Sometimes Edwards wears both hats of an intimacy coordinator and a mental health coordinator, but it’s not easy, and she and others in her field believe the two should be considered separate jobs. As an intimacy coordinator, she needs to focus on the monitors and be attuned to the performers. But that’s a challenge when potentially dozens of other people on set need attention.

The good news is performers and filmmakers are starting to recognize the need for both roles. Actress Alyson Stoner recently said on her “Dear Hollywood” podcast that MHCs should be essential any time a minor is on set. Anne Hathaway didn’t mention the specific role, but she recently said it was a godsend to have an intimacy coordinator who also cared for her mental health in addition to intimate scenes on her upcoming film “Mother Mary.”

“[It’s] someone there who is making sure—in a moment of vulnerability, when you’re showing something true and sacred to yourself—that you’re not going to be harmed,” Hathaway told Vanity Fair.

Intimacy coordinators started to rise alongside the #MeToo movement. Actors finally put their foot down about preventing abuses of power on set and protecting actors when they’re at their most vulnerable. It’s led to notable change in the industry with more movies and shows embracing sex in their stories. And it’s why intimacy coordinators are the first beating the drum for mental health professionals working alongside them.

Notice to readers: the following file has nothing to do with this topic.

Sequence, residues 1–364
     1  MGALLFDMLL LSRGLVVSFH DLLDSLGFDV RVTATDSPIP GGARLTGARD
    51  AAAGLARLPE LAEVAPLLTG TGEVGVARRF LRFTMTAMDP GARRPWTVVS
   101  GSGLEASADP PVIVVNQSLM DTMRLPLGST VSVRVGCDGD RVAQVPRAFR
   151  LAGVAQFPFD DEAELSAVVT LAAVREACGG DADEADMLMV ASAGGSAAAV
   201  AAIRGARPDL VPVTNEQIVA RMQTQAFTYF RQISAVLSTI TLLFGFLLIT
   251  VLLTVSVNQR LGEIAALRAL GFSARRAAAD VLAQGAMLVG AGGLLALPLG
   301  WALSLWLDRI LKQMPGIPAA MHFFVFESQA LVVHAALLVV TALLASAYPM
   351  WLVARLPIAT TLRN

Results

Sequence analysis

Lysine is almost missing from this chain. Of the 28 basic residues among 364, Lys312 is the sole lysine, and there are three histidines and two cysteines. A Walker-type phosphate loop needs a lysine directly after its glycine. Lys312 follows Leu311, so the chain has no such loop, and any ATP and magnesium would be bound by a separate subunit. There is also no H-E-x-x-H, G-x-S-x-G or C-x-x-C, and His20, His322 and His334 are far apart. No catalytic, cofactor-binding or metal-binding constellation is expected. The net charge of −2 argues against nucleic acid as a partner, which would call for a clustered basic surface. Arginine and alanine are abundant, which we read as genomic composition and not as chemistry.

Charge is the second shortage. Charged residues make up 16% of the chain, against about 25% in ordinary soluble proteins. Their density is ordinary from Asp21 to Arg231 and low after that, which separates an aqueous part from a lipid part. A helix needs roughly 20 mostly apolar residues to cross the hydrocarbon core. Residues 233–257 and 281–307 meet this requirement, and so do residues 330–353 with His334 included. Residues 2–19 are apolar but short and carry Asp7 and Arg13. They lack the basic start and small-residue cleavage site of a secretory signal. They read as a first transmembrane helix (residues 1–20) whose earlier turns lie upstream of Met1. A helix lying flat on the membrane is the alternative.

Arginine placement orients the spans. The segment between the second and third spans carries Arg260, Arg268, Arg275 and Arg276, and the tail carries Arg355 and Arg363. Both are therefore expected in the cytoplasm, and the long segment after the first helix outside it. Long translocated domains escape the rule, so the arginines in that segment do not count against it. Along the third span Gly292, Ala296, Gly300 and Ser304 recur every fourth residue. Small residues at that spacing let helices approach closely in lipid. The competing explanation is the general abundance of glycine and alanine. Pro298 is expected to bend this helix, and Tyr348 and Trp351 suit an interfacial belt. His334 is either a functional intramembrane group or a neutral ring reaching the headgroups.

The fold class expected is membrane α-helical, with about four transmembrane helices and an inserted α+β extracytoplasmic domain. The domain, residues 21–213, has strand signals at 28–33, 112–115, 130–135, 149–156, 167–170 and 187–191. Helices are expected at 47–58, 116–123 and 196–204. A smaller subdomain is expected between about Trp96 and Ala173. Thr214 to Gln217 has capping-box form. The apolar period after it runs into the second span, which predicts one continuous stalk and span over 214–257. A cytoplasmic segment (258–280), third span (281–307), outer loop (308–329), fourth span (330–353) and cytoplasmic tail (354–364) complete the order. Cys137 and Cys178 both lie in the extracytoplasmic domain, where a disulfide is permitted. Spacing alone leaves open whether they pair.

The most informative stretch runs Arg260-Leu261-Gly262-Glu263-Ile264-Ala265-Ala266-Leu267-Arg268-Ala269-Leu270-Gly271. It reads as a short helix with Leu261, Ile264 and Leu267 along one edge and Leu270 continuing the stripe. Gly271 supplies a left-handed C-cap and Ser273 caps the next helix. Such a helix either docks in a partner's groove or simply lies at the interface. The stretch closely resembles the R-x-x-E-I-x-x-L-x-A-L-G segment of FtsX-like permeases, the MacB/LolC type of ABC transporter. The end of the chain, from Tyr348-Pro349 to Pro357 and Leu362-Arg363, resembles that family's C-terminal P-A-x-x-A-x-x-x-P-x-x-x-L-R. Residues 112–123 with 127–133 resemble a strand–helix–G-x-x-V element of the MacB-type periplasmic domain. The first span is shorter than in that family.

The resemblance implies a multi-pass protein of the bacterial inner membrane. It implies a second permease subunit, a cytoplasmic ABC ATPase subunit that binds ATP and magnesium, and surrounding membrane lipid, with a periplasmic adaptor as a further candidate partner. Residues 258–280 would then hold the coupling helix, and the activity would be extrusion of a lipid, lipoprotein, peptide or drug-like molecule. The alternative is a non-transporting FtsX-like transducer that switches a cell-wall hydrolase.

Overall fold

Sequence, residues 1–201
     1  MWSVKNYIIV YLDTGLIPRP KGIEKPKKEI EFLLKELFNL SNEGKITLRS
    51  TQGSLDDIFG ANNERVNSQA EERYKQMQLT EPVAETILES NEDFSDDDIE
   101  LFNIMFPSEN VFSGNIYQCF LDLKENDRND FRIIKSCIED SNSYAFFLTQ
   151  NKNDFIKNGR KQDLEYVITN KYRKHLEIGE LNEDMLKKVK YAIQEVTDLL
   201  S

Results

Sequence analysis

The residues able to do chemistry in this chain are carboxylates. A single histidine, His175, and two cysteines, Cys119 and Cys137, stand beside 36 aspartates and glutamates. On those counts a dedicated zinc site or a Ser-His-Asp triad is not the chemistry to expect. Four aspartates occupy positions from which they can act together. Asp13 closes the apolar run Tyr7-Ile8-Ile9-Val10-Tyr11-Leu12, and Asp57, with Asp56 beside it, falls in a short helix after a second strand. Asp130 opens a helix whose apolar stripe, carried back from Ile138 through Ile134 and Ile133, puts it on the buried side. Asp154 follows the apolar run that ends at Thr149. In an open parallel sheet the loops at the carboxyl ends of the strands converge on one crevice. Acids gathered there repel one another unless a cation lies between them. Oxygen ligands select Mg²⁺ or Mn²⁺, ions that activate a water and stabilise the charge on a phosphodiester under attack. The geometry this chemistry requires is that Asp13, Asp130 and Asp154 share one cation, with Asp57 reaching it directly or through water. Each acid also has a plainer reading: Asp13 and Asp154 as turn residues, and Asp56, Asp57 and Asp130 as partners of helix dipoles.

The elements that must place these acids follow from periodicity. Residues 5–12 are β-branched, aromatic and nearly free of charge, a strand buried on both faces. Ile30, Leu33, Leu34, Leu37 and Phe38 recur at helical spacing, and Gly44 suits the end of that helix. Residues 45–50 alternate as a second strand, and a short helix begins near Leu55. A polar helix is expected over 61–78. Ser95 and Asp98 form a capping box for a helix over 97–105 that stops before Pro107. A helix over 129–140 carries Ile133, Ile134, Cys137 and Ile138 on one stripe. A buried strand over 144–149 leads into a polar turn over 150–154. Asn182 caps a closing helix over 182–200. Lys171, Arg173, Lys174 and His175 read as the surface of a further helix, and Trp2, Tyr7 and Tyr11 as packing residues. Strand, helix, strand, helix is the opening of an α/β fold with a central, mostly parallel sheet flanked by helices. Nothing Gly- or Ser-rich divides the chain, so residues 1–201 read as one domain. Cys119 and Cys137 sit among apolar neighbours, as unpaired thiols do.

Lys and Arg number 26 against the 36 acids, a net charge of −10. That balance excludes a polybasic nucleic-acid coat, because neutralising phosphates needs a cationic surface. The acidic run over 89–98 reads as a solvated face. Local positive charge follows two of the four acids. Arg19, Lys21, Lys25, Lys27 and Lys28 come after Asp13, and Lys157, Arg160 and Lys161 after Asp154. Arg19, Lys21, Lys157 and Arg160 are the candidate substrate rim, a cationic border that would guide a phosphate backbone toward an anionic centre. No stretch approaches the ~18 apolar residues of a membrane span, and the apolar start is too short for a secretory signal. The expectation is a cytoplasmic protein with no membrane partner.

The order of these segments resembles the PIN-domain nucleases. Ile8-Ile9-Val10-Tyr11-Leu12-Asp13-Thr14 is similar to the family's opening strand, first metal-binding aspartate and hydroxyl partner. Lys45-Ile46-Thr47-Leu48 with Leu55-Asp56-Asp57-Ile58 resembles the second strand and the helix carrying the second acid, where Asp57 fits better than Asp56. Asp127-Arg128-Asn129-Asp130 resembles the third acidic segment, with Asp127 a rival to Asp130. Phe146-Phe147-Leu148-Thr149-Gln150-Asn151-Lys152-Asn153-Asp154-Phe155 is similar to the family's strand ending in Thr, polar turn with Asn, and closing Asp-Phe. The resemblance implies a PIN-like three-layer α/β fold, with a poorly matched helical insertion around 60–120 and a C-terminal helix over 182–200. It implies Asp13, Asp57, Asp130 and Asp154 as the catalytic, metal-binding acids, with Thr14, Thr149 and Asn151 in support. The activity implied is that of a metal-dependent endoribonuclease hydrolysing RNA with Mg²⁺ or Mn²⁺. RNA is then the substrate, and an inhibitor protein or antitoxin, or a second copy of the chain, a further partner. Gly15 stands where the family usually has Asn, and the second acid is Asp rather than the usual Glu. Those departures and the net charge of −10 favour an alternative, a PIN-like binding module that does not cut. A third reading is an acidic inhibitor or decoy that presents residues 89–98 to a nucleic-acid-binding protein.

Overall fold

“Statistically speaking, when you have a traumatic or emotionally charged moment in a script, you’re going to have a cast or crew member who has that lived experience in the room,” Edwards said. “There’s often a moment of realization of ‘oh yeah, we should probably have some safety net in place to support them, just in case.’ In my mind, it just makes sense.”

Olivia Troy is one of the founding members of Reps on Set, an organization that represents intimacy coordinators like herself but also trained mental health coordinators. Having worked on shows like “Billions” and “Bonding” and specializing in intimate scenes involving BDSM, she’s frequently consulted to do a script review and determine the best person for the job or jobs. Sometimes that involves finding someone trained with working with plus-sized actors, trans performers, or people of different races. But it also includes mental health.

BONDING, from left: Matthew Wilkas, Alex Hurt, Brendan Scannell, ‘Personal', (Season 2, ep. 203, aired Jan. 27, 2021). photo: ©Netflix / Courtesy Everett Collection
‘Bonding’ (2021) on Netflix©Netflix/Courtesy Everett Collection

Her job and training is to support intimate scenes, to help actors feel comfortable, to do choreography, make sure consent is followed, or even keep an actor’s breath fresh. But that’s not the same as mental health support.

“Say you’re doing a scene of sexual violence: as the intimacy coordinator, I can choreograph it beautifully, I can find some choreography that is repeatable, and that tells the story that is within the actor’s boundaries,” Troy said. “But that has nothing to do with what the actor might be going through mentally and emotionally to do that scene over and over and over again.”